"We then stopped it cold in the House," the memo boasts.
"In the end, this all-out public relations and lobbying blitz brought the (Mariana Islands) back from the brink of legislative disaster," the lobbyist wrote.
Just before boarding a plane to the Mariana Islands in 1999, then-Congressman Bob Schaffer announced he was embarking on a fact-finding mission to get to the bottom of repeated allegations of labor abuse in the American protectorate. [....]=> For more details, see this very useful video from Talking Points Memo:what Republicans mean by "reform"--and by "moderation." (No, not all of them. To be fair, there are some Republicans who favor a genuinely open, fair, and generous pro-immigrant policy. But over the past few years, the most prominent Republican positions on immigration have wavered between anti-immigrant nativism and guest-worker programs that would funnel cheap foreign labor to big business.)
What he didn't say was that the trip was partly arranged by the firm of now-jailed lobbyist Jack Abramoff, who represented textile factory owners fighting congressional efforts to reform labor and immigration laws on the islands and who was being handsomely paid to keep the islands' cherished exemptions. [....]
He left believing that allegations of widespread abuse were largely unfounded — blaming them on Big Labor's efforts to shut down a booming textile industry allowed to use the "Made in USA" label but dependent on tens of thousands of imported workers.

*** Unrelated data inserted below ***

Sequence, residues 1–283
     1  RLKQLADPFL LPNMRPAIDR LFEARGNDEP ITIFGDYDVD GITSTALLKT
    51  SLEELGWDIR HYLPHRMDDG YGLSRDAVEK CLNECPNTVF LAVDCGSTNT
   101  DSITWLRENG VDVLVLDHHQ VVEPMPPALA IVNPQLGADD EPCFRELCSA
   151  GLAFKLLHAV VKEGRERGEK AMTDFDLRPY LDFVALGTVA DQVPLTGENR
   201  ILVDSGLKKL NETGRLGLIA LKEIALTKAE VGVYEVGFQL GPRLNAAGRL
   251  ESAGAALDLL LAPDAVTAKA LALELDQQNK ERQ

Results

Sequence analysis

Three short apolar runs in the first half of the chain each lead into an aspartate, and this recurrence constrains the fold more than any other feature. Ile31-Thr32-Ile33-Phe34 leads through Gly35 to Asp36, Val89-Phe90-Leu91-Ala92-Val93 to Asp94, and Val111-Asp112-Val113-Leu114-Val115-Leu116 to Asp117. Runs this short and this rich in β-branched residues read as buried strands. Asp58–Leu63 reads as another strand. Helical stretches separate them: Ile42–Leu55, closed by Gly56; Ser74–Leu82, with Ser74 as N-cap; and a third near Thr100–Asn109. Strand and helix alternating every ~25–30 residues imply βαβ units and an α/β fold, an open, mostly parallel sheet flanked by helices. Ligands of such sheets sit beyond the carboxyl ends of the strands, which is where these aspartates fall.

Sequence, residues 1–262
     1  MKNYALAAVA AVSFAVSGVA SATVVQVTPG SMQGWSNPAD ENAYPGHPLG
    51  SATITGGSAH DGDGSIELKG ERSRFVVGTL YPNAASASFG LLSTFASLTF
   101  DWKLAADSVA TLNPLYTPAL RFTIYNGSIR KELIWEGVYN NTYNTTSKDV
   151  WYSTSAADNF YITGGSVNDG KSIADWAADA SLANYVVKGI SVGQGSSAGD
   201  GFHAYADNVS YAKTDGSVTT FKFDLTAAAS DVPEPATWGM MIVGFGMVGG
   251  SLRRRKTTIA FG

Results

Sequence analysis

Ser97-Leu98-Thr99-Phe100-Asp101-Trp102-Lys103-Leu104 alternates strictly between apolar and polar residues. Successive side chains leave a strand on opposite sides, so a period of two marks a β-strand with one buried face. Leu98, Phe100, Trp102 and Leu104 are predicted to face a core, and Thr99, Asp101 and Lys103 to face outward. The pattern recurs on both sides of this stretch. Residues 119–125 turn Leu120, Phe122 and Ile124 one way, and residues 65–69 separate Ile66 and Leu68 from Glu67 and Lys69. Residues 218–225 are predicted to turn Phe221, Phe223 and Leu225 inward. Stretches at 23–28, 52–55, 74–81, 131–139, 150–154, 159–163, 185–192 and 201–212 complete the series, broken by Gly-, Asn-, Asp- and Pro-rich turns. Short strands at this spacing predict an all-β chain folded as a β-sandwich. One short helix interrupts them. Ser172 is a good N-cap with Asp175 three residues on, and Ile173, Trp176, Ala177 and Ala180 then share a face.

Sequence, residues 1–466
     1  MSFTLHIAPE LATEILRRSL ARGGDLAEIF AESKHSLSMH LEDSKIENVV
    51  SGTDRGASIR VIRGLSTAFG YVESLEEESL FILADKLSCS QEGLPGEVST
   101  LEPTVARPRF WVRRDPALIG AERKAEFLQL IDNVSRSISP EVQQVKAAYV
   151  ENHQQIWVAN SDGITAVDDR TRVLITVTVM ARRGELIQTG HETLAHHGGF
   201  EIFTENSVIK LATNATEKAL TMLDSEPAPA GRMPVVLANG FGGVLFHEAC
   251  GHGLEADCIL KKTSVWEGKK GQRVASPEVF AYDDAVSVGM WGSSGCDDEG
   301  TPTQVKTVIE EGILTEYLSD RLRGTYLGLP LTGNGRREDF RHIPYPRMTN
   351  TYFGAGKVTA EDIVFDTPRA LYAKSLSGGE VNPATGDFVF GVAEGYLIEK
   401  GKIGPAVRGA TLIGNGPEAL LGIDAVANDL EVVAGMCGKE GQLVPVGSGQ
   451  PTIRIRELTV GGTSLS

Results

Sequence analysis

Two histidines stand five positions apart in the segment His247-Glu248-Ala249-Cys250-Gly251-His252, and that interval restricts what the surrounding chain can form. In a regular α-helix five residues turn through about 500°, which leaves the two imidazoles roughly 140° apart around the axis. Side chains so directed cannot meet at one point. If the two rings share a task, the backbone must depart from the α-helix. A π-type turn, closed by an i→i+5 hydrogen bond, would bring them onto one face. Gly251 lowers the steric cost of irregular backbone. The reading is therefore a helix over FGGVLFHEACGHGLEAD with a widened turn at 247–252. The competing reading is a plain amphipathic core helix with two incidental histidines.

In a recent interview with The Denver Post, the Republican candidate for Colorado's open Senate seat described the protectorate's guest-worker program as a "model" lawmakers could use as they overhaul the U.S. immigration system. [....]
"There were some examples of problems that we found, and we raised those with the equivalent of the attorney general," Schaffer said of his visit. But in many others, "the workers were smiling; they were happy."
Said Matthew Miller, spokesman for the Democratic Senate Campaign Committee: "The fact that (Schaffer) sided against the human rights of those workers, not just then, but still today, shows he was more interested in doing the bidding of the people who set up the trip than in actually investigating abuses." [....]
Nor are Republicans the only ones who support the expansion of temporary-worker programs. It's clear that such proposals are going to be a prominent feature of the next attempt at a bipartisan compromise immigration-reform package, just as they were the last time around in 2006, and I'm afraid that the pressures behind them are hard to resist. But it would be a mistake to adopt this kind of "moderate" pseudo-solution, which simply ratifies an existing schism between workers and citizens rather than trying to overcome it. Is the Marianas Model something we should emulate and expand over here? I think not.